I’m worried about my astronaut friend

I didn’t know Taylor before the crash. I don’t really know what kind of grades she got in school (they must have been decent if she got to go on the expedition), I don’t know about her family, or where she’s from. With a name like “Taylor” I don’t really even know if she’s a “she”. All I know is that my phone can somehow receive her messages and I’m the only person in the world she has right now.

Lifeline is an interactive story available on your mobile device where you speak with Taylor via text messages. She’s the sole survivor of a science expedition whose ship crashed onto the surface of some unidentified moon. Dialogue is mostly one-way with Taylor describing through texts what she sees or what she’s doing. She’s a chatty sort, sending long strings of pithy and sarcastic messages, but then again, she’s a kid, alone and afraid with little food and water on some cold rock. Occasionally she’ll ask for advice and that’s where Lifeline’s interactivity occurs. Taylor will pose a question like asking if she should sleep near the ship’s damaged but still somewhat active engine– the problem being the chance of significant radiation poisoning– or risk freezing to death out in the openness of this strange moon. Your choice/advice affects the branching story and Taylor’s fate.

Lifeline interactive fiction

It takes time for Taylor to accomplish anything. For instance, hiking to a distant peak to get a better vantage point takes her a few hours and it might be a while before you hear from her again. I really like that delay of the narrative as it’s often enough time to forget about Taylor, but then hours later worriedly wonder why she hasn’t checked in. I started the game early one work day and it was odd balancing real-life problems with responding to Taylor’s spurts of messages.

(Though I just want to point out that if someone in real life was in that sort of trouble I probably would be better about getting back to them in a timely manner. Plus, I obviously would have notified some sort of authorities. HELP. COLLEGE KID STRANDED IN SPACE. FOR SOME REASON SHE’S TAKING MY ADVICE.)

Here’s where we get into spoiler territory so if you care maybe play the game before reading further. It’s definitely worth a try.


With Lifeline I broke my number one rule about interactive fiction: only play through the story once. The thing about most pieces of interactive fiction is that they rarely hold up to repeated scrutiny. The more times you experience them, the more it becomes apparent that the story isn’t quite as branching as it seemed at first and that the choices you make don’t have as much impact as you thought they did. (That’s no indictment of these stories, just a fact that their development cannot possibly give equal weight to all possibilities without requiring an enormous amount of writing and time.)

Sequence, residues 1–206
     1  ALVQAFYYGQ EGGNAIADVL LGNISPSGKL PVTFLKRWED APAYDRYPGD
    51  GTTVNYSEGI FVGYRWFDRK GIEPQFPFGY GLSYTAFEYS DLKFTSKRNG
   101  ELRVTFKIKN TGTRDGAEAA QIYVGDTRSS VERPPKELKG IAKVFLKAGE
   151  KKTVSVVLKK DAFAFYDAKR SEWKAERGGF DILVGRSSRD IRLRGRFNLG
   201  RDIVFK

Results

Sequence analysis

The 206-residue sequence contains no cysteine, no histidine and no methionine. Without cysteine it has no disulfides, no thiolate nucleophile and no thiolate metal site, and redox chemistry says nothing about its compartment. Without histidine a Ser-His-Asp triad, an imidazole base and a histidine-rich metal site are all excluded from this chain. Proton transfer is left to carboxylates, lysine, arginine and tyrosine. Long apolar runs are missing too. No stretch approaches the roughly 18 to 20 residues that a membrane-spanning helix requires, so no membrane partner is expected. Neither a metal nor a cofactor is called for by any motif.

Lifeline interactive fiction lockscreen

My first playthrough of Lifeline ended with a “bad” ending. Taylor got an alien parasite inside her and I’m not sure that’s ended well for anyone, really. I was determined to save her, to get the “good” ending, so I restarted the story. And restarted the story. And restarted the story once more. After your first completion of Lifeline you can rewind to past choices instead of starting completely over, but I typically started over since I couldn’t always tell which of my choices were setting up the ending I got.

I grew weary of Taylor and far less sympathetic to her plight with each playthrough. Her exuberant sarcasm was no longer so endearing. I was tired of hearing that she was “more freaked out than she’s ever been” at every little thing. I also came to realize that in the greater structure of this story you don’t have as much influence as you think you do and even though the choices you’re offered seem to diverge, most often they lead to the same place. With each playthrough I screamed louder and louder at my phone, “Just listen to me! That way is death! DEATH!” Typical conversation.

I finally got what seemed to be the good ending– Taylor got off that moon unscathed– and a decent number of lingering questions had been answered. Sadly that moment wasn’t nearly as momentous as it should have been, I was just happy that I would no longer get any more of those “Taylor is waiting for you” nudges. Geez, I know Taylor, I know. I’m busy.

Lifeline, Taylor is always waiting

I know I’m ending this on a low note (again I really should have stopped playing after that first finish) but I do want to make it clear that Lifeline is unlike anything I’ve ever experienced on my mobile device and I’m glad that I tried it. It’s the first piece of interactive fiction I’ve played outside my desktop/laptop and Lifeline’s use of the platform is extraordinary, realizing that you’re likely to have your phone with you at all times and taking advantage of that by telling its story through real time. When I started Lifeline I was gripped by its narrative and I was completely invested in the safety of a plucky stranger stranded in space.

I promise, if any of you crash onto an alien moon and I’m the only one you can reach, I’ll answer your text messages as soon as I can, so long as I don’t have to go to a department meeting at work or something.